1. This is an application under Order 21, Rule 50(2). There is a firm of the name of Mahomed Valli Patel, to which I shall refer as the buyers. There is another firm of the name of Tolaram Nathmull, to which I shall refer as the sellers. These two firms entered into a contract for the sale and purchase of jute on 15th July 1935. Eventually there were disputes, and the sellers referred the matter to the Bengal Chamber of Commerce in terms of the arbitration clause contained in the contract. The Chamber made their award by which they directed that the buyers should pay the sellers Rs. 2625 as compensation, and. Rs. 270 as the costs of the arbitration. The award has been filed in Court, and is therefore liable to be executed as if it were a decree, The sellers have now taken out this summons against three persons, Mahomed Valli Patel, Amiji Valli Patel and Abdul Rahman Habib, Patel, asking for leave to execute, the award, against them as partners in the buyer's firm.
2. Mahomed Valli Patel and Amaji Valli Patel do not appear to show cause, and leave to execute the award as against them will be granted. Abdul Rahman Habib Patel however has appeared to show cause. He admits that he was a partner of the firm of Mahomed Valli Patel at the date of the contract between the buyers and sellers. Mr. Chowdhury for the sellers maintains that this admission concludes the matter. Mr. S.N. Banerjee for Abdul Rahman contends that his client should be given an opportunity of disputing his liability by establishing that the contract of sale was beyond the scope of the partnership. He says that contracts for sale or purchase of jute were not within the scope of the partnership, and he also says that the individual partners had no authority on behalf of the partnership to refer disputes between the firm and persons with whom the firm had dealings to arbitration. That Mr. Banerjee is entitled to resist the application on these grounds is supported by the authority of Bhagwan Manaji v. Hiraji Premaji (1932) 19 A.I.R. Bom. 516.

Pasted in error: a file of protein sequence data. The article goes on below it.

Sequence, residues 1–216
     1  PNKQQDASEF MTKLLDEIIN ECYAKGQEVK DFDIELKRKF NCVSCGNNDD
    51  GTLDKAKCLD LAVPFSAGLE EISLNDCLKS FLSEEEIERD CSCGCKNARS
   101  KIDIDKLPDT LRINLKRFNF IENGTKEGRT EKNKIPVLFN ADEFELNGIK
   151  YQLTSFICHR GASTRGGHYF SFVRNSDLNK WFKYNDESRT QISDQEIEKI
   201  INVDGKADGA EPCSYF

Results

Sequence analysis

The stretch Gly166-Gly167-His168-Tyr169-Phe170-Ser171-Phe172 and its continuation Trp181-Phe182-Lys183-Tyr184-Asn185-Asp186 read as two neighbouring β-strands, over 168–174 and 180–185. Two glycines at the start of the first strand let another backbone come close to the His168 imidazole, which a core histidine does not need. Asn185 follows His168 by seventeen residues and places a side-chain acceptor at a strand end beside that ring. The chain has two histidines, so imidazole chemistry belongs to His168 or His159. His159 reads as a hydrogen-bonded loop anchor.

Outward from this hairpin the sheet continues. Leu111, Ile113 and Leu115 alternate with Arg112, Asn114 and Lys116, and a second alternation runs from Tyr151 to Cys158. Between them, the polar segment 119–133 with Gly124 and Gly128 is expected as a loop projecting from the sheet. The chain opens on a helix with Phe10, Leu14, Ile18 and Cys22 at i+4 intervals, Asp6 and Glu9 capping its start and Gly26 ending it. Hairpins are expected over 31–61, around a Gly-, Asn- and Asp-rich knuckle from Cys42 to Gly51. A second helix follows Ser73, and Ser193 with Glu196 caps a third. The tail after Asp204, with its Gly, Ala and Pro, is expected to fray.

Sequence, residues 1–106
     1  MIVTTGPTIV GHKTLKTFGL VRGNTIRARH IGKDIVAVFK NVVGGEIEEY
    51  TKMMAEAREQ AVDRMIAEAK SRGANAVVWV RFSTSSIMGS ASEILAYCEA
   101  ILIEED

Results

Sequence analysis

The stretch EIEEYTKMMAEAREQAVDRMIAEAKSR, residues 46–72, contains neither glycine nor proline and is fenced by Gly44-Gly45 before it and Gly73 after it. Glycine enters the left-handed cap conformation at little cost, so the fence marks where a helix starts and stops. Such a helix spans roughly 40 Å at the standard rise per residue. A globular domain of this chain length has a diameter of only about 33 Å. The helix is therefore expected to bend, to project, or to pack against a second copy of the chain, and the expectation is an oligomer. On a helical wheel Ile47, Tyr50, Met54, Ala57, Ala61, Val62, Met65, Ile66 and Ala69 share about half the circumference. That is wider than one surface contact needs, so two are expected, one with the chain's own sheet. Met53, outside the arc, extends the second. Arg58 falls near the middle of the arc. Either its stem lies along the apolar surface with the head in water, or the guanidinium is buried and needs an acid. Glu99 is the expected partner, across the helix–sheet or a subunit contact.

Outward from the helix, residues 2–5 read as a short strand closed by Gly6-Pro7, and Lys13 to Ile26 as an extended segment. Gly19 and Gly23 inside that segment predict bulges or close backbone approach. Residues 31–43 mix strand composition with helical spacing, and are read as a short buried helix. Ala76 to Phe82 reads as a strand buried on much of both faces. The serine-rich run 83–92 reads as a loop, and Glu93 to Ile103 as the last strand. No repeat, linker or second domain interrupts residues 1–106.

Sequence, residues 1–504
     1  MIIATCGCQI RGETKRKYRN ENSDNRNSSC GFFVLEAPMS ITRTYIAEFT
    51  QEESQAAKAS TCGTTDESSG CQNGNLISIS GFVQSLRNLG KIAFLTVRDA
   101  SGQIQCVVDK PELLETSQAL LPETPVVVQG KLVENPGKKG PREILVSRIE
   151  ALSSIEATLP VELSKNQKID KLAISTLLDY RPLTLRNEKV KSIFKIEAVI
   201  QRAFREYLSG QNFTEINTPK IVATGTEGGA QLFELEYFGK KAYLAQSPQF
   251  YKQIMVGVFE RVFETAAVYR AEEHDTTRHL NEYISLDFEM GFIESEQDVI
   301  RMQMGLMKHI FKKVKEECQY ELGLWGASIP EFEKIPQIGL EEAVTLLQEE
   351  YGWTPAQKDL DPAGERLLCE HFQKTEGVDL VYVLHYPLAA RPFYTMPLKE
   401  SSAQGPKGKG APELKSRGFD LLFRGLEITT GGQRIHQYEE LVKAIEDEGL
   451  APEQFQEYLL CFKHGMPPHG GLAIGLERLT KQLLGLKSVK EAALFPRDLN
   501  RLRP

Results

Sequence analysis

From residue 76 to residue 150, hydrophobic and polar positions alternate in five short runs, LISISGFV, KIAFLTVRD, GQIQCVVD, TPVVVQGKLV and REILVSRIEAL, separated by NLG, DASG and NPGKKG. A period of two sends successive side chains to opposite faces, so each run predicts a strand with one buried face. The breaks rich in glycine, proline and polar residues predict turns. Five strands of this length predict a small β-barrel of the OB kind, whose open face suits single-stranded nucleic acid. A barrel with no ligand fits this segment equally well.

3. Having considered that case and the language of Order 21, Rule 50(2), I have come to the conclusion that Mr. Banerjee's submission must prevail. The sub-rule says that the Court may grant leave to execute where the liability is not disputed, or, where such liability is disputed, may order the liability of such persons to be tried and determined. This language is sufficiently wide to permit a person desiring to dispute his liability as a partner to do so, not only on the ground that he is not a partner, but on other grounds as well. I should be disinclined to hold that the sub-rule entitles a person to dispute liability on grounds such as denial of the contract, or limitation, or accord and satisfaction, which go to the root of the suit, but as Mr. Banerjee does not propose to press his submission that the contract was a gaming and wagering contract, I need not decide that point. I think however that Mr. Banerjee is entitled to raise all questions which affect his client's liability qua partner. I therefore direct that the issue be tried whether Abdul Rahman has no liability under the award on the ground that the contract was beyond the scope of the partnership because it was a contract for the sale and purchase of jute, and in so far as it contained an arbitration clause. In his affidavit in reply, Mr. Chowdhury has asserted that Abdul Rahman took an active part in the arbitration, and on that basis an issue will also be tried whether, if the contract was beyond the scope of the partnership in respect of the matters to which I have referred, Abdul Rahman subsequently ratified it, and is liable on the basis of such ratification. Any documents that the parties desire to disclose will be disclosed by letter within the course of the next week. I set down the matter for trial of these issues a fortnight hence.